Since March of last year, emerging market (EM) currencies have risen by a gaudy 12.8% versus the US dollar. Near-term there have been some sizable moves, such as a 10% gain for Brazil’s real versus the US dollar since the end of March this year.
That naturally leads to the suggestion that EM currencies may be getting expensive, but such a view does not take into account the damage done by the 2013 Taper Tantrum.
The chart below shows the full extent of the damage done, and the fact that the recovery has in fact only been modest.
The relative cheapness of EM currencies has led to a significant improvement in external accounts as the following chart shows.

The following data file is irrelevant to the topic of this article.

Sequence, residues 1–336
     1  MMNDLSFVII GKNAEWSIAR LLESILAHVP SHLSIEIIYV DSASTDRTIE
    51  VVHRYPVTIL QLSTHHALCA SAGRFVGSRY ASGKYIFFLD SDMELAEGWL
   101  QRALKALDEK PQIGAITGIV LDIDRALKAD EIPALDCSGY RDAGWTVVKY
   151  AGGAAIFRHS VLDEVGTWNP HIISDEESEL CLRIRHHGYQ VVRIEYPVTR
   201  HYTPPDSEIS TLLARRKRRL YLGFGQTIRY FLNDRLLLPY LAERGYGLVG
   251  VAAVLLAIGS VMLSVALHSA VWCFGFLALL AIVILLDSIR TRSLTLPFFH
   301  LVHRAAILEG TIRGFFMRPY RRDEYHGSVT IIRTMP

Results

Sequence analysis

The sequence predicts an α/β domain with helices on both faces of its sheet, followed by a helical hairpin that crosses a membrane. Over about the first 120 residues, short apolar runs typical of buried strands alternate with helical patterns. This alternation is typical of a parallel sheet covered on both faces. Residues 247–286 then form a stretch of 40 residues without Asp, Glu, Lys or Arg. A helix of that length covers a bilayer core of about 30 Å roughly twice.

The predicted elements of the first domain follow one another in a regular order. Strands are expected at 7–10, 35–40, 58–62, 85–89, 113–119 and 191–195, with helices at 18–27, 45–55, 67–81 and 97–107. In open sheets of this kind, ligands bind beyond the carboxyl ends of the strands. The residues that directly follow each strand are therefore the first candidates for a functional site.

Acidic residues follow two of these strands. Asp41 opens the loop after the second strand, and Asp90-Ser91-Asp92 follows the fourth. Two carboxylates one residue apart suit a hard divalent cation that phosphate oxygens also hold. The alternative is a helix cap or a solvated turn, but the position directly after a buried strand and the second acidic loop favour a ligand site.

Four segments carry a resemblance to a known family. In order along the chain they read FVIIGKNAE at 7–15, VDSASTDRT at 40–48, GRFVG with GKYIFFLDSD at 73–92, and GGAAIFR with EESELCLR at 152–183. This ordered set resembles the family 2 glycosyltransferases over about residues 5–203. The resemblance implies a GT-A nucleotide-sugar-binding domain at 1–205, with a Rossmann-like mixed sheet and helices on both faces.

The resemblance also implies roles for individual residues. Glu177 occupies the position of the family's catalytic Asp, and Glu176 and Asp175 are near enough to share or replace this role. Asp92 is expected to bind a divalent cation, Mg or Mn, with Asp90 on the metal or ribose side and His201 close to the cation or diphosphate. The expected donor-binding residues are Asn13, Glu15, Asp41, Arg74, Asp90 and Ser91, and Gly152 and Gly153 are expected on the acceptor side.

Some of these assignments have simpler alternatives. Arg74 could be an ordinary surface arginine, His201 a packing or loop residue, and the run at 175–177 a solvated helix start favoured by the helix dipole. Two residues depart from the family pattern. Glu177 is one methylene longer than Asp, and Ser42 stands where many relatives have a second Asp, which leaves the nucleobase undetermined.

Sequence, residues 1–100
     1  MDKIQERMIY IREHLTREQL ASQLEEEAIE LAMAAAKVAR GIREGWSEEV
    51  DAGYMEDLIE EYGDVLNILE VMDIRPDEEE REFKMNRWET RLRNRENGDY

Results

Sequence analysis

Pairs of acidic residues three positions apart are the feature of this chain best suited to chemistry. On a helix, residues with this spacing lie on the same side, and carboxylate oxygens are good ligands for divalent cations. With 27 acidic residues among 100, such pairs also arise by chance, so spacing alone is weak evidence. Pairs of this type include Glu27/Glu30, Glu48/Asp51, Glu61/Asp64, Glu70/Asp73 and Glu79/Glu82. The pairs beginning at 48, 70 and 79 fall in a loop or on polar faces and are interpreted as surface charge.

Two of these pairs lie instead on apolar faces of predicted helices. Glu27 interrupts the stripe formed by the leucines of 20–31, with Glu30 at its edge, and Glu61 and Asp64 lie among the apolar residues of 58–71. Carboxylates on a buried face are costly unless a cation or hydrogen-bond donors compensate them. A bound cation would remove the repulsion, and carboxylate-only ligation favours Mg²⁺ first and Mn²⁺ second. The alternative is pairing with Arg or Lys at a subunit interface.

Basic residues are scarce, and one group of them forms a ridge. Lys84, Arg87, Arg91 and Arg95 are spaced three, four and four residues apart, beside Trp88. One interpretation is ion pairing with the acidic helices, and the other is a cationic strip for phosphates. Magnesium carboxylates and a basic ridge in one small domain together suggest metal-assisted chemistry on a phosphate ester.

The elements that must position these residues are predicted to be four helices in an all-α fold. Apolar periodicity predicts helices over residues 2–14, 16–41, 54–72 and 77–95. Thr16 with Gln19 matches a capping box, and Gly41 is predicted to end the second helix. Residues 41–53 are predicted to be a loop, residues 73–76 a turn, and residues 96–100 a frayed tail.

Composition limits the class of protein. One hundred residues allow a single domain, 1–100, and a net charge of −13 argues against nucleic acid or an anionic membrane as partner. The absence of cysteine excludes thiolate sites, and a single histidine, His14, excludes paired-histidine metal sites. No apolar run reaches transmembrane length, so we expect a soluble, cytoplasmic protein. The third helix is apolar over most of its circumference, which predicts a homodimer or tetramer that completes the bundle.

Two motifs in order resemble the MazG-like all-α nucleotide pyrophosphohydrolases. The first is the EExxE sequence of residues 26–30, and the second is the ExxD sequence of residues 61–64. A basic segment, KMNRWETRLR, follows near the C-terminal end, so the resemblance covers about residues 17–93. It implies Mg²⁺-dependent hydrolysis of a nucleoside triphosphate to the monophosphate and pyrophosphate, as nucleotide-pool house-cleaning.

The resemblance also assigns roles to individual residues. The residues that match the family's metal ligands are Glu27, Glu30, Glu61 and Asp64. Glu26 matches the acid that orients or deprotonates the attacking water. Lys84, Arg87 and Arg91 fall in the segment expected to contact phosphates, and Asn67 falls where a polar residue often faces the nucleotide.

Even with some recent deterioration, surpluses are very near 20-year highs. For us, that represents a margin of safety against a Federal Reserve (Fed) taper that might come sooner than thought a few months ago.
Lastly, central banks in some key EM countries have raised interest rates, and China has curbed credit growth. EM inflation has risen mostly due to higher agricultural prices, which are likely to ease at some point.
Continued slack across economies, even as growth resumes, makes it unlikely that we will see a return of structural inflation eroding currency value.